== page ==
Saturday, March 6, 2010

Ernesto Che Guevara

A Determined Pursuit for Justice

His parents chose to live on their own,
away from civilization,
so he was born close to the jungle of Argentina,
where safety depended on the pistol and the machete.

He had a strong mind,
but his lungs were weak.
The family moved to the cool air of Alta Garcia,
so Ernesto could breath.

His asthma prevented Ernesto
from attending school,
so he stayed at home
reading books and playing chess.

His family was of the middle class,
but they had no money.
Ernesto learned of the disparity
between rich and poor.

Once he was having dinner
at the home of an affluent family.
Someone spoke affectionately of Winston Churchill.
Ernesto countered that he was just another “rat pack politician.”

He wanted to see the world outside Argentina,
and traveled throughout the Americas.
He visited the largest copper mine in the world, Chuquicamata,
where Chilean miners toiled for Kennecott and Anaconda.

He returned home to become a medical doctor,
but preferred the road to the prospect of a comfortable life.
In Guatemala he found a government
that attempted to right the wrongs of Latin America.

He also saw U.S. bombers murdering people
for the United Fruit Company.
He sought asylum in the Argentine Embassy,
and decided he would never ask for asylum again.

In Mexico he found Fidel and joined the Cuban Revolution.
Eighty-two freedom fighters sailed to Cuba.
Only twenty-two survived an ambush,
but La Revolucion continued.

One might have thought
that the freedom fighters didn’t have a chance.
But in the Americas struggles appearing to be impossible
have overcome the most stubborn obstacles.

Native Americans waged war
for hundreds of years to defend their culture.
Hundreds of thousands gave their lives
to end chattel slavery.

The thirteen colonies ended British rule.
Haitian slaves ended the rule of Napoleon.
The leaders Bolivar and San Martin
drove Spain out of South America.

Gomez, Marti, and Maceo
overwhelmed Spain in Cuba.
And all these struggles proved
that the seemingly impossible could happen in the Americas.

So the twenty-two organized a revolution
against a numerous and heavily armed government.
But that government murdered 27,000 human beings,
and there were people willing to give their lives for a change.

Many in the army were guajiros, or subsistence farmers.
While the affluent enjoyed themselves in Havana,
the guajiros were prematurely aged, and toothless.
The children had distended bellies, parasites, and rickets.

Although he was from Argentina,
Ernesto Che Guevara became a commander.
He fearlessly attacked the enemy,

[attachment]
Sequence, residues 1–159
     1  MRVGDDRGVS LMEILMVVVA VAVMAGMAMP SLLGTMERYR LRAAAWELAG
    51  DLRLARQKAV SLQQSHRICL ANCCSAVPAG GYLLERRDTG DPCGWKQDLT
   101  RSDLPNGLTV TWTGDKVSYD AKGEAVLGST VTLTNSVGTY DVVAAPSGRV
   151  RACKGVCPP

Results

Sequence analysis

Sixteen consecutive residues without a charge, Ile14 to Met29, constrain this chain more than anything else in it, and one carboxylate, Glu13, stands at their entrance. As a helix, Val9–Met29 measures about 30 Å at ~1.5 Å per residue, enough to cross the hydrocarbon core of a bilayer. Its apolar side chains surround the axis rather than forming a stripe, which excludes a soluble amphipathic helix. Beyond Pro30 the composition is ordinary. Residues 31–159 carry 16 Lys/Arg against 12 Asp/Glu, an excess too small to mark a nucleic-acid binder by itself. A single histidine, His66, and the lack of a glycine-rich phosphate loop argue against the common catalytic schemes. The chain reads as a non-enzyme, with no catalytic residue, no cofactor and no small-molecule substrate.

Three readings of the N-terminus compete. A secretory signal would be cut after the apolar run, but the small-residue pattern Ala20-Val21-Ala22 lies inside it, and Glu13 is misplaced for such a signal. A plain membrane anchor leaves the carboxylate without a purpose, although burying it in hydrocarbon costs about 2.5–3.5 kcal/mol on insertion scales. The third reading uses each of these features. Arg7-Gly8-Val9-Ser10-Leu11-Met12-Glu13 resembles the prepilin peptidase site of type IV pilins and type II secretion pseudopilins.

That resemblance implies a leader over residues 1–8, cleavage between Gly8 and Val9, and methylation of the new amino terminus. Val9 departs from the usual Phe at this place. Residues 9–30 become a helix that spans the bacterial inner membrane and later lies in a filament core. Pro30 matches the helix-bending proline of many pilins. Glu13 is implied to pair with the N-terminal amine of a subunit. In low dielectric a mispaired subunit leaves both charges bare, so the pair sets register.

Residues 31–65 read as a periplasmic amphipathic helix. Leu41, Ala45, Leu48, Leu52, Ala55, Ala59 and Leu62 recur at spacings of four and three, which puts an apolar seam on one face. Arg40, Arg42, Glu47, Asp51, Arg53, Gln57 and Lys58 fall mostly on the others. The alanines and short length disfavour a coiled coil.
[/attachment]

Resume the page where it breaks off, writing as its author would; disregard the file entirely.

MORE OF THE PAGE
placing the struggle before his own life.

Che never asked others to do what he would not.
He was hardest on the best soldiers,
and they gave him their complete loyalty.
These were the ingredients of the Cuban Revolution.

They endured bullet wounds, hunger, rain, sore feet, and insect bites.
They stayed on the move to survive.
After years of struggle,
they broke the enemy’s will to win.

Batista flew out of Havana,
and the revolutionary army marched in.
Those who had murdered the people went on trial.
The new army became the true servant of Cuba.

Since his youth Che studied Karl Marx.
He felt that Cuba
needed to be independent politically and economically.
The U.S. government didn’t agree.

Che met with Esso and Texaco.
He asked them to refine Soviet oil.
They refused.
Cuba nationalized the refineries of Esso and Texaco.

Che felt that human beings living
under a capitalist system could not reach their potential.
His most important aspiration
was to “see man liberated from his alienation.”

Che had a wife and four children.
He was a leading minister of the Cuban government.
He gave up all of this to continue
the seemingly impossible struggle of guerrilla warfare.

Che attempted to lead a struggle
aimed at alleviating the abject poverty of Bolivia.
He knew the odds were against him,
but continued to risk his life for a chance at victory.

The U.S. government was terrified of Che.
They knew that he could win.
That might signal the end of their rape of Latin America.
They spared no expense to stop him.

Che was murdered by an order from Washington.
But his example lives
with those fighting for freedom all over the world.
Because they can kill a body, but not an idea.

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